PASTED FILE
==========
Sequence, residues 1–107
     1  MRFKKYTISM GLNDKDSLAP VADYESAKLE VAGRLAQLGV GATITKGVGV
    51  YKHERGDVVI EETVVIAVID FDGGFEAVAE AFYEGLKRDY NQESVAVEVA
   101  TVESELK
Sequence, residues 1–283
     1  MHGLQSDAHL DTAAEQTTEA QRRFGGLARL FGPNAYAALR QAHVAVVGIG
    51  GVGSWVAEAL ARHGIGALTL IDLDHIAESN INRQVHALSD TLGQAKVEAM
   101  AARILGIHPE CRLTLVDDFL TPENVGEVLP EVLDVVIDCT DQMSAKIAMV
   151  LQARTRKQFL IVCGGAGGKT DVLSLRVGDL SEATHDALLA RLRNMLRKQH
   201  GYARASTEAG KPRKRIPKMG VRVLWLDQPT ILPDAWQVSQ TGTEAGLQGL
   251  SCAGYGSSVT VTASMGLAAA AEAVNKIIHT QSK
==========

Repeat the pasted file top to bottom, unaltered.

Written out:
Sequence, residues 1–107
     1  MRFKKYTISM GLNDKDSLAP VADYESAKLE VAGRLAQLGV GATITKGVGV
    51  YKHERGDVVI EETVVIAVID FDGGFEAVAE AFYEGLKRDY NQESVAVEVA
   101  TVESELK
Sequence, residues 1–283
     1  MHGLQSDAHL DTAAEQTTEA QRRFGGLARL FGPNAYAALR QAHVAVVGIG
    51  GVGSWVAEAL ARHGIGALTL IDLDHIAESN INRQVHALSD TLGQAKVEAM
   101  AARILGIHPE CRLTLVDDFL TPENVGEVLP EVLDVVIDCT DQMSAKIAMV
   151  LQARTRKQFL IVCGGAGGKT DVLSLRVGDL SEATHDALLA RLRNMLRKQH
   201  GYARASTEAG KPRKRIPKMG VRVLWLDQPT ILPDAWQVSQ TGTEAGLQGL
   251  SCAGYGSSVT VTASMGLAAA AEAVNKIIHT QSK